Some time ago, when he won the Goya for champions in 2019, Javier Fesser promised that he would return. That, rather than a simple notice or warning (or, where appropriate, threat), was above all and explicitly the formulation of a wish. With all that the term desire in its carnal evidence implies. The director maintained that from few places so clear and perfect it is possible to talk –carefully– about love. And, consequently, given the relevance of the subject, a second installment was worthwhile. After all, what happens to love (like this, in general) is what happens to the protagonists of the film (like this, in particular): there are a thousand ways to define one and the other, and all of them are insufficient because they are paternalistic, offensive, cheesy, condescending or simply stupid.
But beyond the semantic difficulties, what matters are the possibilities, which are also abysses, that opens up a universe whose only possibility of understanding lies in admitting difference (enough with identity as a pattern of understanding, as Deleuze would say in French ). And if the radicality, by force different from the act of love, acquired a new light from the also radical existence of the, let’s say, disabled person (and we already feel our most evident disability to name)?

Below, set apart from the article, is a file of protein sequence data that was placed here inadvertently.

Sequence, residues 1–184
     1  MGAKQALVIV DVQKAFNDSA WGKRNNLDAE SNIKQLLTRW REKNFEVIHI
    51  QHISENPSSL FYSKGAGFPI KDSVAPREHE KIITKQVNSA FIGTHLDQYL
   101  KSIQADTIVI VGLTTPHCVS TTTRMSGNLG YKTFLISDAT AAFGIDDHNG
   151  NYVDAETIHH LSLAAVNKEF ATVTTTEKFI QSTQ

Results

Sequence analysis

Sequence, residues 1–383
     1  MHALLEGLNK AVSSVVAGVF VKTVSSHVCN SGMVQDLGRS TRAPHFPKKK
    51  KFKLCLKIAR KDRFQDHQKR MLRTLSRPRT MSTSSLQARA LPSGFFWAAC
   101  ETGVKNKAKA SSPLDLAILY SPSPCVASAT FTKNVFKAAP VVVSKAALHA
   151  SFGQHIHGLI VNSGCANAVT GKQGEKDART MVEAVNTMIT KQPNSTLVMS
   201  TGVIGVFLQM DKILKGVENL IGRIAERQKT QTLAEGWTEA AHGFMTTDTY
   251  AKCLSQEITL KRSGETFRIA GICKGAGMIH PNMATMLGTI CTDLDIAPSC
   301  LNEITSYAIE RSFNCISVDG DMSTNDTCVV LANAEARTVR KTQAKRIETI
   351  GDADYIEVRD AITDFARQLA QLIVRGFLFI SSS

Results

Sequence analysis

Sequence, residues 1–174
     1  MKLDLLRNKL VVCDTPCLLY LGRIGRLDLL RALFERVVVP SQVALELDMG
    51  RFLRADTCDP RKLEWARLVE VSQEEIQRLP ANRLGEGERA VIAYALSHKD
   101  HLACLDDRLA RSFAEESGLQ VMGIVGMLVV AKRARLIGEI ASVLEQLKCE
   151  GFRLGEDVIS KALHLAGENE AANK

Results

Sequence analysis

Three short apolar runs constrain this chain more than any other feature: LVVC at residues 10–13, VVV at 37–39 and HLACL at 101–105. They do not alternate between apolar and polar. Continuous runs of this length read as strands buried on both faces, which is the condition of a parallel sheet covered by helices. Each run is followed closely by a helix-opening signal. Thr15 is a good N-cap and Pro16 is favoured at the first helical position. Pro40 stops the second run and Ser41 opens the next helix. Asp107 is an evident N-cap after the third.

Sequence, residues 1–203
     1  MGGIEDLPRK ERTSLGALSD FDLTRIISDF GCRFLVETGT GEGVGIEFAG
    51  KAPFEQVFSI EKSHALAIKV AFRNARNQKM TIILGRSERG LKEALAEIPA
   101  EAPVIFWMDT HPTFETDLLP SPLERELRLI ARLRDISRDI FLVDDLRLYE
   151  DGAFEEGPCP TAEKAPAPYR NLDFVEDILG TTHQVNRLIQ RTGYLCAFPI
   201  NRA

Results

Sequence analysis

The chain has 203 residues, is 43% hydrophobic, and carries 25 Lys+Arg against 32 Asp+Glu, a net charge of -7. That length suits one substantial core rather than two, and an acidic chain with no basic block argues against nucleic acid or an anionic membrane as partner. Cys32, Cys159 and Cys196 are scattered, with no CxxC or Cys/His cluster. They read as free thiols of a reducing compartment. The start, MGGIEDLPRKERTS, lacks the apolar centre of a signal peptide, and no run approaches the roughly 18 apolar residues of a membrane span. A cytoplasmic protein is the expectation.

Championex with the X at the end is not so much a sequel as a clarification. Or a comment. Or a return to the same. A return, we said. The idea is not so much to continue anything as to refine, clarify and, why not, insist. Few pleasures like persevering in, once again, love. Again, the story is told of a group of people who do what we all do but in their own way. Very in his own way. And in his necessarily different way of acting, that abnormal normality of which we feel so proud is stripped to the cruelest transparency. Again, Fesser manages to compose a comedy that resists compassion with all its might, that abhors emotion understood as a resignation and that, with due skill, avoids sentimentality as an alibi.
Now the story is told not of a basketball team but of a track team. And so that there is not even the slightest doubt of the intentions, he joins the group Brianeitor, probably the only athlete on the planet who neither jumps nor runs nor lifts more weights than his grief. It would be said that Brianeitor is a superhero for the simple pleasure of being contrary. Everything is the result of an error, but not just any, but one of those so huge and happy that it redefines the very possibility of being wrong. Indeed, what is wrong, as it could not be, is the mistake itself. The confused ones are us.
The grace consists, and hence the merit, in returning to the same place but with a completely new language and diction. Fesser, who did not hesitate at the time to erase the border that separates reality from the crazy and anarchic fiction of the comic, now dares to play virtual universes from the carnality of the exciting, from the viscerality of the unique, from the surprise, once again, of the different.